Self Care

How To Use Square Breathing to Clear Your Racing Mind...

We tend to make better decisions when we're calm.
If your mind is racing, you can't sleep or if you just need a way to relax and get centered, pause whatever it is you are doing and learn about Square Breathing.

Square breathing is a powerful exercise that divides your breath into four equal parts: inhalation, holding the breath, exhalation, and then waiting without breathing. If you have high blood pressure, please check with your doctor before performing this exercise.

This exercise is one of the most powerful breathing exercises I've experienced. It is my daily go to exercise for quickly and deeply relaxing my entire system. I personally do this one nightly as preparation for deep sleep.  

To perform this exercise you will do each of the four parts inhale hold, exhale, and wait for four seconds each. It bears repeating that if you feel dizzy to stop the exercise and breathe normally. This exercise is not meant as a competition to see who can endure the longest. Typically you will begin feeling the effect of this exercise after two or three cycles.

  1. Inhale to a count of four seconds

  2. Hold your breath for four seconds

  3. Exhale for four seconds

  4. Wait without breathing for four seconds

  5. Repeat as long as it feels comfortable to do so

Over time, as you build your lung capacity, you can experiment with increasing the number of seconds on each of the four sides of the breath. To do this, start by having one second on each of the four parts and then see how it feels. Everyone has their own comfort level and lung capacity. It is important to not overextend to the point of discomfort as you can cause yourself to pass out and risk injury.

You might consider this particular exercise to be one that you can lean into when you are experiencing the toughest of times like personal crisis, pre-and post surgery or any high intensity situation.

Breath is life. It is your built in regulator for how you experience the moment you are in. Anytime you feel out of balance, stressed out, or unclear, your body is giving you the signal to begin adjusting your breath. It is up to you whether you pay attention to the signals or not. By being a self-aware, and willing to adjust how you feel with an exercise like breathing, you no longer need to endure needless suffering. Taking care of yourself in this way gives you the power to act preemptively and deliberately so that you can be in the best state of mind to enjoy the moment you are in.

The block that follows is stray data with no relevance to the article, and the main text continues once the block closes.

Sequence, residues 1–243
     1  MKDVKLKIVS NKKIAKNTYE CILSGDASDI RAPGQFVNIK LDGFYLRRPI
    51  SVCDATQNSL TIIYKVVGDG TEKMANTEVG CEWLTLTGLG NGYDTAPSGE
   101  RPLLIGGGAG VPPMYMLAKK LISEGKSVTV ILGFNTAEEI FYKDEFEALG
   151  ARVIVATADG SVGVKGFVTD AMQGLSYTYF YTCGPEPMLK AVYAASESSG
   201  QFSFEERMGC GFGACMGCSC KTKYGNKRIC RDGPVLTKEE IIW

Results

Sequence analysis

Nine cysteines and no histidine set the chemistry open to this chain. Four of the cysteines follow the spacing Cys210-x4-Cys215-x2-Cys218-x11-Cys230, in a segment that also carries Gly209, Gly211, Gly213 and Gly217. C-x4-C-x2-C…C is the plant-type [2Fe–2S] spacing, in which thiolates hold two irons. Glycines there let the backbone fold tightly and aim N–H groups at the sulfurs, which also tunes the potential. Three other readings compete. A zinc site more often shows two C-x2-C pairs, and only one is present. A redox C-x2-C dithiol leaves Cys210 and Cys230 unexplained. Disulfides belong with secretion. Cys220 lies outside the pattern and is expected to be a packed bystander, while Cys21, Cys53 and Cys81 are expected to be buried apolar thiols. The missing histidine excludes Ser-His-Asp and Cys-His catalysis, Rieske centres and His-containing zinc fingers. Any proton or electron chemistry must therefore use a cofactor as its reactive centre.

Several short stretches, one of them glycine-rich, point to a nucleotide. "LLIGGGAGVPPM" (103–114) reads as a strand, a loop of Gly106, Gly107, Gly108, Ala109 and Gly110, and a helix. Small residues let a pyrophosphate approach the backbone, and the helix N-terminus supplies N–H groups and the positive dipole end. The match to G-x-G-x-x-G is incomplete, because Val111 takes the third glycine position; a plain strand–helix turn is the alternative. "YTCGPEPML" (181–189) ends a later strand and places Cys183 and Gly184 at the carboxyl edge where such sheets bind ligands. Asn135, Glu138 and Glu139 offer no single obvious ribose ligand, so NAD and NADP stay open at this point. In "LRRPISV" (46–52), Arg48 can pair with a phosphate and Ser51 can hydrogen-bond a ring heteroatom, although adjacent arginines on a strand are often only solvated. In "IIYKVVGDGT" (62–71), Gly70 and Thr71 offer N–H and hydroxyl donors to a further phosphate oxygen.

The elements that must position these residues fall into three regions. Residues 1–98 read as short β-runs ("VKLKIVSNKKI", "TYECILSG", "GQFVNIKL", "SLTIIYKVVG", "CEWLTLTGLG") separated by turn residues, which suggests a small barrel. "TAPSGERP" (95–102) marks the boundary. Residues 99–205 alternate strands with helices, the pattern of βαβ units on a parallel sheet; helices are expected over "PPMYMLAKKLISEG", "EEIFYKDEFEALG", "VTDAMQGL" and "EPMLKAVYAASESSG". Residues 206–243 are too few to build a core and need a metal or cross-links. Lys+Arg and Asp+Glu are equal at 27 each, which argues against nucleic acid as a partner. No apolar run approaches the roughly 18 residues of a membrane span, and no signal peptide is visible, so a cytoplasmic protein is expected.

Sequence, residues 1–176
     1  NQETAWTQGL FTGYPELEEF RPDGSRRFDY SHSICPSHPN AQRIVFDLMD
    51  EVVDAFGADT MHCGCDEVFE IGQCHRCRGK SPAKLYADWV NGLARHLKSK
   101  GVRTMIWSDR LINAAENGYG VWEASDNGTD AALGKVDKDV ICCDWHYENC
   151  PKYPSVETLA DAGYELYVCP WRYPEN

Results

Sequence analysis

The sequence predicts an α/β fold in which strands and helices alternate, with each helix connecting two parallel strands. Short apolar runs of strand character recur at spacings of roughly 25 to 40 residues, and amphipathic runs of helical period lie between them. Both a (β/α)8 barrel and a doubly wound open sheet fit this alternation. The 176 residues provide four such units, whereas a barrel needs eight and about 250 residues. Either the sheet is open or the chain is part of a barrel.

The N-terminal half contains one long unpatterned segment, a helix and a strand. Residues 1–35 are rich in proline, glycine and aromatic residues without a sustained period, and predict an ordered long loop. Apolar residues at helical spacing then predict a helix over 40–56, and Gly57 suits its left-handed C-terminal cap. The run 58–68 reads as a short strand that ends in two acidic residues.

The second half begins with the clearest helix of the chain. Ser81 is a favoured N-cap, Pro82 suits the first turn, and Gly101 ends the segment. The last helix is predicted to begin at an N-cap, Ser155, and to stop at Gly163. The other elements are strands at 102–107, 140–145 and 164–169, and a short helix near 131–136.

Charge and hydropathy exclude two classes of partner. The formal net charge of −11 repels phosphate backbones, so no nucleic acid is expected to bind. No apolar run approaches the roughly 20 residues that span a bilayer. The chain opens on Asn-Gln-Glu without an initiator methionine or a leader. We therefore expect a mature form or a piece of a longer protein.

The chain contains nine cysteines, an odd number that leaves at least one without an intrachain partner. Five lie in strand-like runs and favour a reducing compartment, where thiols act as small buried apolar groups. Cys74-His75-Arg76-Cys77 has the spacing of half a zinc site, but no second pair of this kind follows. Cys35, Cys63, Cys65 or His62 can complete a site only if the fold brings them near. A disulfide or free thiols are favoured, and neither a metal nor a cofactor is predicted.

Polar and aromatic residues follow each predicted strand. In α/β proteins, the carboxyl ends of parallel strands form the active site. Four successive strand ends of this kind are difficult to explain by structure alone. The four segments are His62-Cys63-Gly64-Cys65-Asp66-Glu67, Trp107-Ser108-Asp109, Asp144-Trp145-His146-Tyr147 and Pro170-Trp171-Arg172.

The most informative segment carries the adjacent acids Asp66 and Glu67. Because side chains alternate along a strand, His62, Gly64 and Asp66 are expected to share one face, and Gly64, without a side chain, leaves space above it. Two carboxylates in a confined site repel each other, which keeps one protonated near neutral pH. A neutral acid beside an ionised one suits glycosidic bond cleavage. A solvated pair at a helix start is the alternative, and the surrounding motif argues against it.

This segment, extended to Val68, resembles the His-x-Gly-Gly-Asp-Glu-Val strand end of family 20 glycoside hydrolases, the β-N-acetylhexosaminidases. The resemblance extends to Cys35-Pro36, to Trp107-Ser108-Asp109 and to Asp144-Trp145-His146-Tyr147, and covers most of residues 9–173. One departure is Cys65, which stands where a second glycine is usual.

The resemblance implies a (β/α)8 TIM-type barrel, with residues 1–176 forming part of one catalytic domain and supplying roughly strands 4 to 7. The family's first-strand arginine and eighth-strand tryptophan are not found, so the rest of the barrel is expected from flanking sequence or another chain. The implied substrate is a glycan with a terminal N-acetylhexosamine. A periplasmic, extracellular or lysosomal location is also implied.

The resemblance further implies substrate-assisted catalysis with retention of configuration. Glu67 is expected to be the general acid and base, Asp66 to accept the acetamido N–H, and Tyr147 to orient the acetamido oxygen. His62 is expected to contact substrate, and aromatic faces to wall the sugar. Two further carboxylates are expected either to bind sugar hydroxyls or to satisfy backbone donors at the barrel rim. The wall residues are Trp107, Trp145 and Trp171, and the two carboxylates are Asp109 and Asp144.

Sharing is caring. Do you know someone who could benefit from this exercise? Share it with them!

6 Ideas for Managing Great Intensity

Regardless of your political beliefs, we've woken up in a reality where some people (including kids & teens) are experiencing what I judge as a trauma-level response to the election and it's aftermath. I liken it to how one might feel and react if someone close died unexpectedly- shock, disbelief, anger, unwillingness to accept, grief-level sadness, and despondence.

Though we cannot control world events, there is much we can do in our immediate environments. To that end, I'd like to offer you the following ideas:

1. Be easy on yourself. 
If you or those around you are experiencing any of the challenges above, treat yourself / them as you might if someone close to you died unexpectedly. Offer that level of leeway, compassion and patience.

2. Listen.
As you are able, take the time to listen to those around you and witness them as they work through their feelings around this experience.

3. Get together.
Set up opportunities to be with one another and connect. Reach out to those who tend to isolate themselves and invite them.

4. Lean into your coping skills. 
Do your best to stay grounded if/when you feel afraid. Teach others how to do simple techniques like square breathing to help them do the same. (Breathe in for 4 seconds, Hold breathe for 4 seconds, Exhale for 4 seconds, wait for 4 seconds. Repeat till calm and as often as you need to)

5. Spend time in nature.
Walk slowly outside, near trees and/or water if you can. Walk and breathe slowly. Hang out with your pets.

6. Do your self-care.
Lessen suffering by doing things you can control that you know help you feel healthy- diet, exercise, pray/meditate, reading, creative expression. Resist the urge to cover the intensity with substances and distraction. Resist the urge to blame and to succumb to hate.

Blessings. Jim Donovan (Feel free to share as you like)